Generator Designs - Permanent Magnet (PM)


Micropower systems currently in the market use the generator designs based on the PM technology. The generator itself has two electromagnetic components: the rotating magnetic field constructed using permanent magnets; and the stationary armature constructed using electrical windings located in a slotted iron core. Figure 2 shows the construction of a typical PM generator in a cross sectional view.


The PM’s are made using high-energy rare earth materials such as Neodymium Iron Boron or Samarium Cobalt. Retention of the PM”S on the shaft is provided by high strength metallic or composite containment ring. The stationary iron core is made of laminated electrical grade steel. Electrical windings are made from high purity copper conductors insulated from one another and from the iron core. The entire armature assembly is impregnated using high temperature resin or epoxy.

The voltage output from the generator is unregulated, multiple phase ac. This voltage varies as a function of the speed and load. This voltage output is connected to a solid state power conditioning system. Typically, the solid state power conditioning system uses buck/boost techniques and regulates the entire power output.


The technology of induction generator is based on the relatively mature electric motor technology. Induction motors are perhaps the most common types of electric motors used throughout the industry. Early developments in induction generators were made using fixed capacitors for excitation, since suitable active power devices were not available. This resulted in unstable power output since the excitation could not be adjusted as the load or speed deviated from the nominal values. This approach became possible only where a large power system with infinite bus was available, such as in a utility power system. In this case the excitation was provided from the infinite bus. With the availability of high power switching devices, induction generator can be provided with adjustable excitation and operate in isolation in a stable manner with appropriate controls.

Induction generator also has two electromagnetic components: the rotating magnetic field constructed using high conductivity, high strength bars located in a slotted iron core to form a squirrel cage; and the stationary armature similar to the one described in the previous paragraph for PM technology. Figure 3 shows the construction of a typical induction generator in a cross sectional view.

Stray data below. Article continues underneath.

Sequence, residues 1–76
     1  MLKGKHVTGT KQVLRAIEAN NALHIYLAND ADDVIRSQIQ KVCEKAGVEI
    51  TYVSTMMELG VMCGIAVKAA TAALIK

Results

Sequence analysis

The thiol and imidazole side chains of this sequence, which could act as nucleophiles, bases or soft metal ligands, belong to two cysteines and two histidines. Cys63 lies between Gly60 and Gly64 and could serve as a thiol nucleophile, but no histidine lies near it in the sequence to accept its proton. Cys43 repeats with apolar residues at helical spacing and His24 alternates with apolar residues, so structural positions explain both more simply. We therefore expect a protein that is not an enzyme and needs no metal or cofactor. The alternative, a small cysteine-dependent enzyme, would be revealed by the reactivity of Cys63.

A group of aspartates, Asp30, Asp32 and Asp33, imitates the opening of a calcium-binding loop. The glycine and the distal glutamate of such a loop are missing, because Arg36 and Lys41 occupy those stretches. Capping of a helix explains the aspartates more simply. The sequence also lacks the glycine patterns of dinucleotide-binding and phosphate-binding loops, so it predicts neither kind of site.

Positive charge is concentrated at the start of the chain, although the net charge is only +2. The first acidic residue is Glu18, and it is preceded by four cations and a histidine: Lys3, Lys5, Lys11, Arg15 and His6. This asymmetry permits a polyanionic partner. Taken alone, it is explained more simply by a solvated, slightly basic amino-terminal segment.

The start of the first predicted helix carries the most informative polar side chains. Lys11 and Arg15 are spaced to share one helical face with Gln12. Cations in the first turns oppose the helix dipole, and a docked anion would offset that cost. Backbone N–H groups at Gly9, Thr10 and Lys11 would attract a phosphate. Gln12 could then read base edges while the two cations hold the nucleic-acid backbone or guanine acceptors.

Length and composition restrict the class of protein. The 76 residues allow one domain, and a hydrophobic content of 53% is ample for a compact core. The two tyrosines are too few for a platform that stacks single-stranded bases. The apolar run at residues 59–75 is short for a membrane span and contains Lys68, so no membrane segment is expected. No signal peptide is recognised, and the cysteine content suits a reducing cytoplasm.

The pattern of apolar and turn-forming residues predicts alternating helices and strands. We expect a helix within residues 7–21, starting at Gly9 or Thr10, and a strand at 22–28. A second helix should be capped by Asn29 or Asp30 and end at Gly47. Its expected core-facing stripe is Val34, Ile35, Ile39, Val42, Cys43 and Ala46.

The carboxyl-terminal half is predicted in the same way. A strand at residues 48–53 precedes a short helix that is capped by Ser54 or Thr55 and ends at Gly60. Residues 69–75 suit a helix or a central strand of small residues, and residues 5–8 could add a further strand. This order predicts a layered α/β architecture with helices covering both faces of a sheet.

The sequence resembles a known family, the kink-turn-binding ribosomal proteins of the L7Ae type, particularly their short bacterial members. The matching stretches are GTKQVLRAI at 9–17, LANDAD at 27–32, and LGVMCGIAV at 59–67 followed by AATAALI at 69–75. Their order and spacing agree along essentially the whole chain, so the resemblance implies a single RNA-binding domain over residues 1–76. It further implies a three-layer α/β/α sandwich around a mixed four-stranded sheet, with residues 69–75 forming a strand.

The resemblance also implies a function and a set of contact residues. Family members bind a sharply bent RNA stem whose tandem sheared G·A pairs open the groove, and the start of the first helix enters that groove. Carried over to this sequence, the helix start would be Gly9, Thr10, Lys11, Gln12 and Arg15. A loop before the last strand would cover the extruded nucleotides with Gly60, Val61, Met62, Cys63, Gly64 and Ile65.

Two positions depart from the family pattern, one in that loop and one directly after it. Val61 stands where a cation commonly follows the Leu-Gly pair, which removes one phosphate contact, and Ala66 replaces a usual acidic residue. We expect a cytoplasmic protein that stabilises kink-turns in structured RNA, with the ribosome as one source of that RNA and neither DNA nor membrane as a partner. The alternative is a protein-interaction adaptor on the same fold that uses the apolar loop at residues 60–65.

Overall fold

The voltage output from the generator is regulated, multiple phase ac. The control of the voltage is accomplished in a closed loop operation where the excitation current is adjusted to generate constant output voltage regardless of the variations of speed and load current. The excitation current, its magnitude and frequency is determined by the control system. The excitation current is supplied to the stationary armature winding from which it is induced into the short circuited squirrel cage secondary winding in the rotor.

Switched Reluctance (SR)

The technology of SR generator is based on the concepts that magnetically charged opposite poles attracts. Typically, there are unequal number of salient poles on the stator and rotor. Both are constructed of laminated electrical grade steel. Figure 4 shows a cross sectional view of the construction of the SR generator. The number of poles shown on the stator is 6. The number of poles shown the rotor is 4. Other pole combinations such as 8/6, 10/8 are possible. There is no winding on the rotor. Armature coils located on stator poles are concentric and are isolated from one another. When the coils on opposite poles such as 1 and 1 shown in Figure 4, are excited the corresponding stator poles are magnetized. The rotor poles A-A are closest to the stator poles 1 and 1. These are magnetized to opposite polarity by induction and are attracted to